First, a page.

There is no silver bullet or panacea when it comes to solving large-scale, globalised systemic issues. Technological fixes are appealing (like devices to clean up plastic pollution or geoengineering to cool down the planet) because it suggests we can continue living our lives as we have lived them for the last 50 years or so without drastic changes to our political economy. But the social and environmental/ecological problems we face now distill down to issues about power (differences) and recognition of equality among all humans (not just the politically and economically privileged), and without addressing these, technology only gets abused. So who’s trying to save the world? I’d think that we all need to do better in any capacity we can to forge a fairer, safer world for every living being on this planet we all share. And especially push for the rich and privileged who caused most of the problems to take responsibility.

Understanding the mammoth task at hand

I’ve been wanting to write more (as I’ve been saying in my previous posts…) but while the collision of inspiration and time to write is one stumbling block, the bigger problem is that of inferiority complex. That many people more eloquent than me have written aplenty on things I muse and want to write about, and my writings contribute little. Or that I can’t write or express myself well enough anyway. But enough with this inertia, I just have to develop a thicker skin and write, for whoever and whatever. Though I am mainly writing to develop my opinion and share my thoughts.

The topic of this post is not about writing though, but more about “bringing down the system”. Having kicked the Facebook habit, more of my time is spent scrolling on Twitter instead, a feed littered with mostly conservation/nature/STEM issues/opinions, but also social justice, politics and other perspectives (that mostly work towards realising a just society living within planetary boundaries). I have definitely noticed a ‘leftward’ transition in myself, over this past year of bringing together perspectives and ideas on justice, history and decolonisation, and in attempting to understand the present hegemony of the neoliberal capitalist globalised system we live in.

And it’s only with this firmly embedded realisation that capitalism is deeply flawed and any (progressive, socially/environmentally ‘desirable’) proposal that doesn’t endeavour to dismantle it will never be able succeed, that I’ve really adopted a critical eye in what I’m reading (or given to absorb). And more pertinently, it’s not just ‘capitalism’, as an abstract economic theory, that is problematic, but that it is actively enforced through American imperialism (through institutions like the World Bank, World Trade Organisation, International Monetary Fund etc.) and military might (check out John Pilger’s The War on Democracy).

It starts to sound like a conspiracy theory, or that perhaps I’m just super paranoid, but when you read up on it and start educating yourself (not through the mainstream), you realise it is all true. And that’s when I started feeling highly skeptical when I see people talk about issues and propose solutions (that I would have wholeheartedly agree and be on board with previously). For example, I was reading Rutger Bregman’s Utopia for Realists: How We Can Build the Ideal World, which talks about universal basic income, the case for working fewer hours etc – which are all proposals that the Degrowth movement advocates for. I half agree with what he proposes, but it stands in sharp contrast to Jason Hickel’s The Divide: A Brief Guide to Global Inequality and its Solutions [Highly, highly recommended. Everyone should read it!]. Hickel actually addresses root problems and lays it all out quite simply and starkly, while Bregman seems to skim around these prickly issues and most of all fails to acknowledge the highly uneven global playing field between the Global North and the Global South.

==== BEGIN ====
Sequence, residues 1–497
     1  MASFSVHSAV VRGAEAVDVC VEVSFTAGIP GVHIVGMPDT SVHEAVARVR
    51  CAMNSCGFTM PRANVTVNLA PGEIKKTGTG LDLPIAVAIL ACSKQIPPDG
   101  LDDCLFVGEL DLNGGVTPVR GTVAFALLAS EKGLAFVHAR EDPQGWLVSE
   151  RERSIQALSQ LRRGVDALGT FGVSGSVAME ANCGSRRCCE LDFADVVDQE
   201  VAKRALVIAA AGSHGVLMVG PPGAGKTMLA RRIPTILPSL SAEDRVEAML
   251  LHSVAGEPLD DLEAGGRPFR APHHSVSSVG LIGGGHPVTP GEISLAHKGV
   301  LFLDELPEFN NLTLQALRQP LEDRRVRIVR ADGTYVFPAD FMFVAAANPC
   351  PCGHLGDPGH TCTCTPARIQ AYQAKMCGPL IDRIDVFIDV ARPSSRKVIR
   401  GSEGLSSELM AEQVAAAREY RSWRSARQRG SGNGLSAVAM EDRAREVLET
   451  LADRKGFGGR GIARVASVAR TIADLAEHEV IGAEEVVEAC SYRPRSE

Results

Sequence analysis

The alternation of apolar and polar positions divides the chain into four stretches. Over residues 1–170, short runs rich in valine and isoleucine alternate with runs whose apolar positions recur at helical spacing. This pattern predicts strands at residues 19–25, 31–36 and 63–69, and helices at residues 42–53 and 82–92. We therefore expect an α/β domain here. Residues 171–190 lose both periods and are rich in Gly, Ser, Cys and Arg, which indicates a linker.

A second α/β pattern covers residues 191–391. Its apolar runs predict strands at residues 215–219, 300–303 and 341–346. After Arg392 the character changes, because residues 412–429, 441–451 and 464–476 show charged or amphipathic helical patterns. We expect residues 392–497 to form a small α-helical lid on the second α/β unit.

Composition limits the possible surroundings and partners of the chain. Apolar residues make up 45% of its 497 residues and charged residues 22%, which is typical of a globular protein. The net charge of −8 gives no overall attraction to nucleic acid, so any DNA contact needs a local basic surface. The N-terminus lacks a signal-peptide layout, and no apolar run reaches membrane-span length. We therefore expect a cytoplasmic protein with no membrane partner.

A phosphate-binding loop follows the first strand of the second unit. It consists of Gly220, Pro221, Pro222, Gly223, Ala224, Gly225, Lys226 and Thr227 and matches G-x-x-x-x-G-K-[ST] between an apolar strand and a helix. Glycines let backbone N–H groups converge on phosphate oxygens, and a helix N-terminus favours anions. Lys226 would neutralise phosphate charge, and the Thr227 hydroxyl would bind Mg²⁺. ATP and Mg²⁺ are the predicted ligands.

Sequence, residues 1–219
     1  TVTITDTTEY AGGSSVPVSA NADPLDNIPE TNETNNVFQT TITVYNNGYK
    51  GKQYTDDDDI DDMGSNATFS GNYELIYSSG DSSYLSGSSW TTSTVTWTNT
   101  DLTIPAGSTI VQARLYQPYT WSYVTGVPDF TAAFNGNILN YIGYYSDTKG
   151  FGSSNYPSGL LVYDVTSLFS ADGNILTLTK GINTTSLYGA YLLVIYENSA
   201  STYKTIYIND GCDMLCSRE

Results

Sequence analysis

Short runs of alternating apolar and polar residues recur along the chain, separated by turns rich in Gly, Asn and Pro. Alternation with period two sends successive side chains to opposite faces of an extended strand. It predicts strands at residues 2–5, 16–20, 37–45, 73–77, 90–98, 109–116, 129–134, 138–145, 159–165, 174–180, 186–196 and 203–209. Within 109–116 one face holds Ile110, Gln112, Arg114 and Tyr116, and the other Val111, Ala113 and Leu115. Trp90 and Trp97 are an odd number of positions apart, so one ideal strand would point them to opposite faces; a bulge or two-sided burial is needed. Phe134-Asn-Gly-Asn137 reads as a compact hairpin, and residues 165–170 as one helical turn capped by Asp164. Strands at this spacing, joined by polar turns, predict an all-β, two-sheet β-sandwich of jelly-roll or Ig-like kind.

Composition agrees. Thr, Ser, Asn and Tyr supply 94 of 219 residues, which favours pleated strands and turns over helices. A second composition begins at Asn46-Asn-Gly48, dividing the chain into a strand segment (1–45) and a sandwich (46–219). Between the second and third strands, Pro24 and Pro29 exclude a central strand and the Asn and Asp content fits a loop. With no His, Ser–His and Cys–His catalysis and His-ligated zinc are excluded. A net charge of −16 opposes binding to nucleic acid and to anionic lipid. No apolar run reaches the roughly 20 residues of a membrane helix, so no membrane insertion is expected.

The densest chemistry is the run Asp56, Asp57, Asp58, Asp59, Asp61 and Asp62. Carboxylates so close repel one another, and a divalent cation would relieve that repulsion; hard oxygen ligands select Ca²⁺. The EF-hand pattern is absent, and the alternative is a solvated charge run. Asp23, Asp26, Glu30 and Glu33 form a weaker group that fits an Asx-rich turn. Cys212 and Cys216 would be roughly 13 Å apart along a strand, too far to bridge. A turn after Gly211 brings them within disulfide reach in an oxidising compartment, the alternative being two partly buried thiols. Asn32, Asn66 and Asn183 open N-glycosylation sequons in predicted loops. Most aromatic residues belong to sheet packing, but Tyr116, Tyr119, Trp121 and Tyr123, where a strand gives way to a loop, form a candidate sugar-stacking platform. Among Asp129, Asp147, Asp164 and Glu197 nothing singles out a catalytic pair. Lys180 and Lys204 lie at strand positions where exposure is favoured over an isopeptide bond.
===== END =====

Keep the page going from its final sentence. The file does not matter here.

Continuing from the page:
It seems to me that if we fail to see this point as being foremost important on any agenda that claims to be building a better world for human and non-human beings, then it will continue to perpetuate injustice and inequalities even if that is not the intention. And if we don’t realise what we are really up against, then any solution will likely fall short of its mark.

Van life: labour, frugality and conscious living

When we think of ‘van life’ and in this modern age, ‘digital nomads’, we sometimes forget that nomadic living is as old a concept as life itself, with migrations centred around seasons. Living in a van or caravan now is associated with either climbing ‘dirtbags’ who don’t work, Roma gypsies who are often also perceived as economically unproductive, or various other societally undesirable forms of vagrants, or on the other end of the scale, millennial hipsters living the digital nomad, Instagram-worthy life or middle-class retirees.

The van somewhere near but outside Parque Nacional de Ordesa y Monte Perdido, in the Spanish Pyrenees.

These perceptions are something I’ve been struggling with, realising my privilege in being able to live this life but not wanting to perpetuate or abuse it. As well as the growing contradiction between previous generations of van-lifers choosing this lifestyle as a way of escaping societal/economic pressures (cue Christopher McCandless), and the present ability to continue working to support this lifestyle through mobile wi-fi and laptops, and so further perpetuating and expanding the spheres of capitalism.